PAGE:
Weeks before graduation from my small-town high school in the spring of 1975, I was caught by a state trooper having sex with another man in the woods of Maine. We were two minors (the other boy an unknown from out of town), exploring our sexuality in the backseat of a Volkswagen bug. The implications surrounding this event changed my life and the lives of many around me forever. No legal issues came of it, surprisingly, but on a social and cultural level the world began to change very fast.
The trooper called in his discovery to the station, and word got out quickly throughout town that I was queer. A few days later at my graduation party, in front of 150 or so friends and neighbors, and for all to hear, the town bullies stopped me at the door and screamed, “Get out, faggot!”
What could one do but leave and fast? Immediately I lost most of my friends (whether guilt by association or fear of the unknown). Someone tried to run me off the road. Incessant hang-up calls were made to my home in the middle of the night, waking my folks. Co-workers spoke no more unless by necessity. Friends disappeared.
I had to tell my mother what was happening, and I needed her help. I cried as I spoke the words, “I’m a queer.” She handled it well, thankfully, and was helpful in getting me out of town. She told my father a lie about the need to start school for the summer session to get a jump on academics. He wouldn’t have understood or handled the issue well.
My confiding in her brought us closer emotionally, more than ever. We have always talked and shared personal stuff as I was a bit of a momma’s boy — the fourth of six kids. I was the “good one;” she was my angel.
Ten years passed. I owned one of the priciest hair salons in Portland. I styled local news people, politicians, high-end clientele. I was out, comfortable in my skin and proud of what I had accomplished. I also began a meditation and spiritual practice in 1983.
I decided to return to my hometown for my high school reunion in 1985. Just a few of the girls that I used to skip school with spoke with me. One said that night, “I want to hang out with the fag!” Those women were happy to see me, as I was to see them, and the healing began.
In 1987, I moved to Los Angeles. I went for change, to study Zen Buddhism, to try to work in film and maybe find a lover. I worked on a few films and TV shows. I met and worked with celebrities, and I felt worldly. I embraced life and held nothing back. Social mores began to shift. At my 20th reunion in 1995, the “guys” I hung with during high school were friendly.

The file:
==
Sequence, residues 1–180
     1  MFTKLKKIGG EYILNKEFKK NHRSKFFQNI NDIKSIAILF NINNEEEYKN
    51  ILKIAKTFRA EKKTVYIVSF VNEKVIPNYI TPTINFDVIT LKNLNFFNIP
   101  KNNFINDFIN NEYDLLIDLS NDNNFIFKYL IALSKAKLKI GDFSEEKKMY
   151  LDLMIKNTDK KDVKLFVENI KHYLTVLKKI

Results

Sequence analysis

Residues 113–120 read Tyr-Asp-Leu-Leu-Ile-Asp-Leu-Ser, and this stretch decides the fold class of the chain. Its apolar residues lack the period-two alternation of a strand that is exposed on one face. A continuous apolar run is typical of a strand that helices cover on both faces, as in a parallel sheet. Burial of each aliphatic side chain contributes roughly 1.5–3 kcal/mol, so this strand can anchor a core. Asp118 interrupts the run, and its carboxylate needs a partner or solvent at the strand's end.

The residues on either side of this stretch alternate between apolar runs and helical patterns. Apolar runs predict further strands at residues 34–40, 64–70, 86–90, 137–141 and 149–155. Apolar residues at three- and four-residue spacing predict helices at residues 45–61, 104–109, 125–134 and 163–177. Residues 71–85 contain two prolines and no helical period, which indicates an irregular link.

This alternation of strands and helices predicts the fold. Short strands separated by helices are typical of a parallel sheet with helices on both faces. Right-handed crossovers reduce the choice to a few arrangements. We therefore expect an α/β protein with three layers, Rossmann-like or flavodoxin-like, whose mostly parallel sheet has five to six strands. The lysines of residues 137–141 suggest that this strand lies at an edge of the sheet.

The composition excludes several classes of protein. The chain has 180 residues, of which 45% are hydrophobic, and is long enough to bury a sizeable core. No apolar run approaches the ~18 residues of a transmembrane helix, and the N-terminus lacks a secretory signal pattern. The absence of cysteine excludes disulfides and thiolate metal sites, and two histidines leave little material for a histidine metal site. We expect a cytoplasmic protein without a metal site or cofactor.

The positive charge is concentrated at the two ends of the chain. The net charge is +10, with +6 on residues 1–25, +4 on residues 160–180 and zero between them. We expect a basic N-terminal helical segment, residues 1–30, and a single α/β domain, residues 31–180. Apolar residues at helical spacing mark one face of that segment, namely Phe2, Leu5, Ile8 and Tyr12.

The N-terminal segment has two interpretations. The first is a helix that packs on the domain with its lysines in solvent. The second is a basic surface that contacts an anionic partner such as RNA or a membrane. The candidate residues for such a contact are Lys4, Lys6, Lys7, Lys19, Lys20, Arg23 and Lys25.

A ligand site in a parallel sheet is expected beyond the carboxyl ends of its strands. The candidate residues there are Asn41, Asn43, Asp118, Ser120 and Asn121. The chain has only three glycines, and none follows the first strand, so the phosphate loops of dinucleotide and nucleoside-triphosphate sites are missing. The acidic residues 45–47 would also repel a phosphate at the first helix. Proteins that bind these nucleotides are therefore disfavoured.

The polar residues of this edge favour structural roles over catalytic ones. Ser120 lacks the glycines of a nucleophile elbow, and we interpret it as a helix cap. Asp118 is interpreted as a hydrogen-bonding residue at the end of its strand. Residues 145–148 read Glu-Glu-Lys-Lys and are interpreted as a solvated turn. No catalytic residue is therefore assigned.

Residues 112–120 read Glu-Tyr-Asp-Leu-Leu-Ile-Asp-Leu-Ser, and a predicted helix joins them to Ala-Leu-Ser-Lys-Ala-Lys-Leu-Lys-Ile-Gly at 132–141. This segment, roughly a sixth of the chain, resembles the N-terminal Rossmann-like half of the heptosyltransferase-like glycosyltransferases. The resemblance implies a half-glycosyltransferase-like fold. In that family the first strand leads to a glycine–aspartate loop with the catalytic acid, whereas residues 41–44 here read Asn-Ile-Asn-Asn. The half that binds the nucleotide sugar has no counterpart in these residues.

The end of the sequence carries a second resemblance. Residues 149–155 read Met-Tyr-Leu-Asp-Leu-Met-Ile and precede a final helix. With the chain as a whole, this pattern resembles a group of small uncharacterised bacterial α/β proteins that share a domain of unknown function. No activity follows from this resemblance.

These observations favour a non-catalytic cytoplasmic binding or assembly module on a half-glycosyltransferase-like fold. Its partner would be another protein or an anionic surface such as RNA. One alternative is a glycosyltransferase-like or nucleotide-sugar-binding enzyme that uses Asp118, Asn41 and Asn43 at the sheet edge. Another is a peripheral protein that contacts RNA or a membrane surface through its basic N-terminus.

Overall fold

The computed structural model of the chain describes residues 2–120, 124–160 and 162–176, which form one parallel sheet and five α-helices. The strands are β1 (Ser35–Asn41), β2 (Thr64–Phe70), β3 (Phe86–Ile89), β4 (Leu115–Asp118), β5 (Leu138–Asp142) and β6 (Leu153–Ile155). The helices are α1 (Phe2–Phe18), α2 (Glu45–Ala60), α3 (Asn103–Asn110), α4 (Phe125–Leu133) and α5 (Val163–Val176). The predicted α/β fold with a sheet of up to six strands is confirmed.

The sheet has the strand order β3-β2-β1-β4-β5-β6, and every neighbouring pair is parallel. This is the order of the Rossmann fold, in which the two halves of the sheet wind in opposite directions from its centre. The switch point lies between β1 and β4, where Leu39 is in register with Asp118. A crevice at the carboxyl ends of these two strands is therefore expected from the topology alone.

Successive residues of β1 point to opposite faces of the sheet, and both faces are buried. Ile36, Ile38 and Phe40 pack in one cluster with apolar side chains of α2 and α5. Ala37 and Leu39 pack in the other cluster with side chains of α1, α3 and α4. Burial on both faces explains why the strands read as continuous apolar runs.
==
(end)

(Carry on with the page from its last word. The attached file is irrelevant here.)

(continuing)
In 2010 I returned again for the 35th reunion. By then I had been a yoga and meditation teacher for 10 years, teaching 15 classes a week at four yoga studios. My life had been nothing like the life in a small New England town, yet something about our personal history never leaves us. This time, the reunion’s reception was ever more gracious and accepting. I took the time to “tell my story” to many who were either once friends or just acquaintances. All whom I encountered were open and friendly. Any past feelings of disconnection had washed away with time.
Forward to the present: I returned a year ago to Portland, and this November the state of Maine was the first state in the union to vote to pass gay marriage rights. I am proud of the shift in consciousness. I have been away a long time.
Mainers are independent, but what I didn’t know is that mindsets had changed dramatically since my departure in 1987. I thought that the major urban cities were the only places for a gay man like me. Well surprise, surprise! The beautiful state of Maine has become home to many from afar who have found in Portland a stunningly beautiful small city, full of acceptance. The city has become a mecca for the free spirited, yogis, foodies, hipsters, artists, music lovers and finally, the “gays.”
I’ve been told many times since reconnecting with old acquaintances that I had made a difference in their younger lives. All my stylists went on to open their own salons. Straight, closeted or gay, many clients had come to my salon, Akari, and realized, like I had, that we can be out, proud and respected. I, for one, am thrilled to be “home” where Mainers have more rights than even Californians.
I am now in training to mentor other HIV positive men. (I’ve had it 10 years). I teach yoga for healing HIV, among other classes. I go with the flow because I’ve always been open to it, and it feels right. I’m also back to styling hair and helping people feel joy both inside and out. Time is our friend, and I am grateful that all we have to do is show up, “be present” as we say, and be yourself.